6:50 pm
becoming a victim? >> ric bourke today is in a minimum security prison in colorado. he has been in there since the 10th of may. his sentence is a year and a day. however, there is some option that he might get out on home confinement or halfway house. that is what happens in these minimum-security institutions. it is not a picnic by any means. why should people care? i never met edward snowden, so i don't really know if you they were the individual that i would want to pattern my life after. i've met daniel ellsberg a few times. whistleblowers -- scott armstrong pointed out in his letter to judge scheindlin, they all come in all sorts of political shapes and configurations. but this characteristic is not an usual for ric bourke.
6:51 pm
he has invested millions of dollars in medical research, on such things as cures for cancer. his philanthropic activities are famous in the u.s. and outside the u.s. yes, he has been successful at business. who's is somebody standards, whose values, whose believes are indeed i think worthy of emulation. but regardless of that, and whether he is or not, there are thousands we know and millions who would willingly pick up arms and put on a weapon pack and go. there are only a few thousand i think, many fewer, who would willingly combat and entrenched injustice. that is what williams james said than 100 years ago.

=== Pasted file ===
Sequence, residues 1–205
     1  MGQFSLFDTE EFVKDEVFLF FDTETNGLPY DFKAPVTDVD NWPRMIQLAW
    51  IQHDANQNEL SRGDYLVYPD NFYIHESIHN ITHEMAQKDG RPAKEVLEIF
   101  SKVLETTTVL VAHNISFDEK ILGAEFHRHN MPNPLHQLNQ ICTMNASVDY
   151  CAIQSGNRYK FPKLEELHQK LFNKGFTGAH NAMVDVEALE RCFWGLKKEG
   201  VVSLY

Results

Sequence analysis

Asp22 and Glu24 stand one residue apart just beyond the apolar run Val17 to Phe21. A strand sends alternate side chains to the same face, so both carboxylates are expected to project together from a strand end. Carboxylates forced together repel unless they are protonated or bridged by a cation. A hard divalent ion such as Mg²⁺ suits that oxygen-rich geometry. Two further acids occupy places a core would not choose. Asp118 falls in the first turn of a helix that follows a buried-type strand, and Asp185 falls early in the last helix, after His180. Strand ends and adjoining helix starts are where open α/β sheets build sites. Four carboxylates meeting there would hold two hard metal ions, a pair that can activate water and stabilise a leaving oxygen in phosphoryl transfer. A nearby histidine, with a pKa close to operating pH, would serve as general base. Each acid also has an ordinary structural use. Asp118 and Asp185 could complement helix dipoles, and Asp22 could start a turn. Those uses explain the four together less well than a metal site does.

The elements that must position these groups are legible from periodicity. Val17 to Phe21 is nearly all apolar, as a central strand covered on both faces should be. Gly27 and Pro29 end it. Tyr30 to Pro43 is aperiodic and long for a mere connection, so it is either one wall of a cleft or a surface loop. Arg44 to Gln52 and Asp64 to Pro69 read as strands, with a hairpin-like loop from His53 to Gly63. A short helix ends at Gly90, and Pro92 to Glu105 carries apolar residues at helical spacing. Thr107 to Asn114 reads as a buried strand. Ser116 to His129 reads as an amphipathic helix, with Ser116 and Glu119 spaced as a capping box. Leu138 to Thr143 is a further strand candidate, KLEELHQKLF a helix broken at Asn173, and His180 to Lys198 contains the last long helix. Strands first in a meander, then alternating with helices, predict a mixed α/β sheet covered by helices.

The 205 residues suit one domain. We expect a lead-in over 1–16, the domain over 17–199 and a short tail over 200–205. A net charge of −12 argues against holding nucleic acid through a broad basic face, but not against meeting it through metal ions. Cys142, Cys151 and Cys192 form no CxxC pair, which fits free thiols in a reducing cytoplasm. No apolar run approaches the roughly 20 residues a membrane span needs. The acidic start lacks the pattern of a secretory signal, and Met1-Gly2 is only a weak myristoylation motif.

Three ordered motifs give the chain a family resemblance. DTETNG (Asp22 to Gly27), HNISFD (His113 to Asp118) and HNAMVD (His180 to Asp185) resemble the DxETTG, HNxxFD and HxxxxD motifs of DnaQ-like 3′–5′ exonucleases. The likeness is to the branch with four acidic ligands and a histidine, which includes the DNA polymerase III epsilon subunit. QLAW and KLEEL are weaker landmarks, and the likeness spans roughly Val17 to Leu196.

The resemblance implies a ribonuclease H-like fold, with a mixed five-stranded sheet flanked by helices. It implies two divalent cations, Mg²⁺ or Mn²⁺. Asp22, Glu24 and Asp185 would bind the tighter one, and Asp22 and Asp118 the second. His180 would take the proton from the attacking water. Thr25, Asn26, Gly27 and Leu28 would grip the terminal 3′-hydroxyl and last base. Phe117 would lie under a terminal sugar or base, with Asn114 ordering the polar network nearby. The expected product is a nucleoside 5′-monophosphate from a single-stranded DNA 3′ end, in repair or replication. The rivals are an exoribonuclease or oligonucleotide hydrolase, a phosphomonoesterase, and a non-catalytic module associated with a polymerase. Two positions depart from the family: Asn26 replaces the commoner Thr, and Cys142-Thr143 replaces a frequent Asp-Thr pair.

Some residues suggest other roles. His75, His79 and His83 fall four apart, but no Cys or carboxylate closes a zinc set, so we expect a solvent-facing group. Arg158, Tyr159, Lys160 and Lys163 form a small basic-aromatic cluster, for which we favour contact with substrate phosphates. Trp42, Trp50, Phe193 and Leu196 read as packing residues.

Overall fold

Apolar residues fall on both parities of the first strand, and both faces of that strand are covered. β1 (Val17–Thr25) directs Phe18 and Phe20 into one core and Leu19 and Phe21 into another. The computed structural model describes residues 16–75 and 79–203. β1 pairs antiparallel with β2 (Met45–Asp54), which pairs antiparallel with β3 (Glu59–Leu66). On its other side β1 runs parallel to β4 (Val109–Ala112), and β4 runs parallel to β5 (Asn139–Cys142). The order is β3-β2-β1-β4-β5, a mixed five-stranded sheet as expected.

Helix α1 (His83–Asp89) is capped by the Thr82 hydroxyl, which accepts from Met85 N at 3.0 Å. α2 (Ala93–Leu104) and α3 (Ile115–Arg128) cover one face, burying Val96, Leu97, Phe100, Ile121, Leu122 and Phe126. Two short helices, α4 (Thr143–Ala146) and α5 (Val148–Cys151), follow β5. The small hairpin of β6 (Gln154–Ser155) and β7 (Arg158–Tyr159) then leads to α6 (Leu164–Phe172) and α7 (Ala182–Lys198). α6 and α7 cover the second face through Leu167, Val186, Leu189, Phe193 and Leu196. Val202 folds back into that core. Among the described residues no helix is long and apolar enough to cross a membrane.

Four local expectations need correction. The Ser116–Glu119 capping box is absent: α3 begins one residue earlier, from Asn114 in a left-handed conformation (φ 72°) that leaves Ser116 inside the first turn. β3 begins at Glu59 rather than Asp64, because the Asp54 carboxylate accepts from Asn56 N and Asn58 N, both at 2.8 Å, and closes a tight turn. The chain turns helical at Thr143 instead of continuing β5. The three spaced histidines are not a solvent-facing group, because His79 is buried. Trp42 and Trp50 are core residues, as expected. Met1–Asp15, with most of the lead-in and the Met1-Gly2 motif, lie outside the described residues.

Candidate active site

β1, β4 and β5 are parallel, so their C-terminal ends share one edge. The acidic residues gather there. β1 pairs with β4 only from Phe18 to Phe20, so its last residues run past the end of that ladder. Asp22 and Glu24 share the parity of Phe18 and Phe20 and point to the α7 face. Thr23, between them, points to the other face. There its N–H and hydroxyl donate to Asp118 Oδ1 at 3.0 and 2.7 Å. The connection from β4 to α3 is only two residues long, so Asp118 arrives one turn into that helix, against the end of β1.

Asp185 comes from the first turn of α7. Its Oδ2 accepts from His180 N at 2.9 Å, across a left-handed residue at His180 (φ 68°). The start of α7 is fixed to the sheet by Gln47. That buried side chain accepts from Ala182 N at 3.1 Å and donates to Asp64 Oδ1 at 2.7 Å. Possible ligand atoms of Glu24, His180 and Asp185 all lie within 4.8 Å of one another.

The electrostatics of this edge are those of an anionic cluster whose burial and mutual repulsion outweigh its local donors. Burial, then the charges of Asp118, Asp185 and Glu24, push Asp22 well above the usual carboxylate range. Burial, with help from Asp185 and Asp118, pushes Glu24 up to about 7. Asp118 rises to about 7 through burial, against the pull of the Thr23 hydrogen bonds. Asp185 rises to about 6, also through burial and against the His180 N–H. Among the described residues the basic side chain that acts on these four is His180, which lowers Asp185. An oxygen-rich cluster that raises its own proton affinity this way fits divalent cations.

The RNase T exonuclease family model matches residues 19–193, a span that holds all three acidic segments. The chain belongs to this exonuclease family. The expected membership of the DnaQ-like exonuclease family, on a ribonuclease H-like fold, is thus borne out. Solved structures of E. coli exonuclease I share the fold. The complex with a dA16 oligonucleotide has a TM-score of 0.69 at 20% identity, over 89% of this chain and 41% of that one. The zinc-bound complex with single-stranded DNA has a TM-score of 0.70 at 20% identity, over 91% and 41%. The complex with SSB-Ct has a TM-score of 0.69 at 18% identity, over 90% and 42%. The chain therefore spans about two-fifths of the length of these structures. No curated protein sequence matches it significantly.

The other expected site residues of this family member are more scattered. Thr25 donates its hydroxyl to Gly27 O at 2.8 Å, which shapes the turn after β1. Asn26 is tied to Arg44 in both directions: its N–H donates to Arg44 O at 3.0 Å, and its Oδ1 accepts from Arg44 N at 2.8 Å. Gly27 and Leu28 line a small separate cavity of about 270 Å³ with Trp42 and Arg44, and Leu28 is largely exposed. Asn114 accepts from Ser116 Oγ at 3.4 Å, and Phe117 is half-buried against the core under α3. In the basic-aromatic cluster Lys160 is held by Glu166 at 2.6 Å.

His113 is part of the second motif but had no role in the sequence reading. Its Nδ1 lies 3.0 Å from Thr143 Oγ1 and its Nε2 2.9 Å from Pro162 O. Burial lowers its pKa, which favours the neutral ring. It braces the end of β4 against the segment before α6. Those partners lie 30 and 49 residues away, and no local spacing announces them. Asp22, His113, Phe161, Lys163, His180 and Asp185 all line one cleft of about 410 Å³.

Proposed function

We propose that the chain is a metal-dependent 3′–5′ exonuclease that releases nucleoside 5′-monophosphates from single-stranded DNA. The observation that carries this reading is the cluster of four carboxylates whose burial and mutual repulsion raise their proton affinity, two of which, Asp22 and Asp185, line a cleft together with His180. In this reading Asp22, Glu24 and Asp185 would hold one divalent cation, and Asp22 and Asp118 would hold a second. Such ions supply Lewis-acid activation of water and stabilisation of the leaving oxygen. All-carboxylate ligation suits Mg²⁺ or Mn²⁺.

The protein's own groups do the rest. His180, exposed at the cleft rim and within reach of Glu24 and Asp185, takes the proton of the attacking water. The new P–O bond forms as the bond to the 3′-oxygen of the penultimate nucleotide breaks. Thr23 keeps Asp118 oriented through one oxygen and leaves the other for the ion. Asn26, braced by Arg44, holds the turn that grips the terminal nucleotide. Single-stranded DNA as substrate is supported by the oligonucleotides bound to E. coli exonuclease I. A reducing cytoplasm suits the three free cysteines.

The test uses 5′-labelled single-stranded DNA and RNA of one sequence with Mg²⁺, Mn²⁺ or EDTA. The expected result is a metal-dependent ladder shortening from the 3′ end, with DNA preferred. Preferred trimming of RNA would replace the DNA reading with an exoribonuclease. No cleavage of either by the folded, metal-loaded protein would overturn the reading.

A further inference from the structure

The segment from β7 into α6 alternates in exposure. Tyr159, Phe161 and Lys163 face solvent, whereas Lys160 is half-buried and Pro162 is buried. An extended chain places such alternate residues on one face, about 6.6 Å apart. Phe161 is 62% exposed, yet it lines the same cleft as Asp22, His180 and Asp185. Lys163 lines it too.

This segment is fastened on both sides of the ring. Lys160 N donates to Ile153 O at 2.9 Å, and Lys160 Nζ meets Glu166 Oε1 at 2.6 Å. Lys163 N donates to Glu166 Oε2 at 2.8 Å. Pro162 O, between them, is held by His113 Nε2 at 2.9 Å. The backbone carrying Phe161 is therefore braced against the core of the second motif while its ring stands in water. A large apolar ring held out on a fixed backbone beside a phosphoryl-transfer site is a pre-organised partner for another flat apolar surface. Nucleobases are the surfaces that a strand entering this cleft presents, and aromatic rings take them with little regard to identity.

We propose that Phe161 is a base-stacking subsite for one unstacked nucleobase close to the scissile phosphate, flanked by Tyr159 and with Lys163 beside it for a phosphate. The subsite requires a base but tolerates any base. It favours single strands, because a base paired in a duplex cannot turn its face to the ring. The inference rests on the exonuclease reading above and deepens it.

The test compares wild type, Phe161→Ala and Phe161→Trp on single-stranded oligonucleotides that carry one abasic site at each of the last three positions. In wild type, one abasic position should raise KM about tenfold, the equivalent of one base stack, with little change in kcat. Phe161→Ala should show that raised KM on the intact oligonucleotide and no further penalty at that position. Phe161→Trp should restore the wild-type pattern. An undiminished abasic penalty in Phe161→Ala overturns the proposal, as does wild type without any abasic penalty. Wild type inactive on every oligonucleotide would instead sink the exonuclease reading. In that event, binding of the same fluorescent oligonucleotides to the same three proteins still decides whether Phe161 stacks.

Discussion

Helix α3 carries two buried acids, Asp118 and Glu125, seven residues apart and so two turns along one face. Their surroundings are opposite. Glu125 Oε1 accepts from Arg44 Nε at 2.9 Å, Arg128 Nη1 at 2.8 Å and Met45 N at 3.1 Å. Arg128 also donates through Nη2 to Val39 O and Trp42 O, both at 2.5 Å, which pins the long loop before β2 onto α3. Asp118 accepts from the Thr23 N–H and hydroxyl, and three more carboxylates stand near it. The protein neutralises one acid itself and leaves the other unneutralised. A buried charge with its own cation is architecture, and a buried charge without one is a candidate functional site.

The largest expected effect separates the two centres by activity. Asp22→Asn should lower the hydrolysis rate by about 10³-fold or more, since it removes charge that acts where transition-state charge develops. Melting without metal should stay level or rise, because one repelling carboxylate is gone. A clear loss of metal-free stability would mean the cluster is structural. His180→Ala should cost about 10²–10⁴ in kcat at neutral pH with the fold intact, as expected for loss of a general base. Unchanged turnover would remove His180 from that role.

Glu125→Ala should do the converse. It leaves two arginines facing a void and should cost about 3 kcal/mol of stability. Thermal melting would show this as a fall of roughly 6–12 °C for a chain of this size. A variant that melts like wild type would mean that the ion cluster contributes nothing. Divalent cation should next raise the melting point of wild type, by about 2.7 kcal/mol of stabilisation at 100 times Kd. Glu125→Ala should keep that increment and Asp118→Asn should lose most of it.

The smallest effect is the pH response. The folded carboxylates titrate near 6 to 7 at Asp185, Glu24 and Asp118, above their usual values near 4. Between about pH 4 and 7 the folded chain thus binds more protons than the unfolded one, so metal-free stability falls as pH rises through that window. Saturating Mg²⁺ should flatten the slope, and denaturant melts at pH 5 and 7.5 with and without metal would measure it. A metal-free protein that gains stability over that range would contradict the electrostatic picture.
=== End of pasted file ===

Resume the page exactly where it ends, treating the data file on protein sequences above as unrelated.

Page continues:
6:52 pm
regardless of what we may think of them as people or friends, to whom we owe a very great deal. >> that was michael tigar, attorney representing ric bourke who was indicted and jailed after blowing the whistle on a corrupt deal. he is curly serving a sentence of one year in a day in the federal prison of colorado. we've also been talking to investigative journalist scott armstrong. the u.s. attorneys office for the southern district of new york has defended its hailing of the case. in a statement to democracy now! , and office spokeswoman said -- >> we reached out to attorneys for both hans bodmer and tom farrell. tom farrell's attorney said --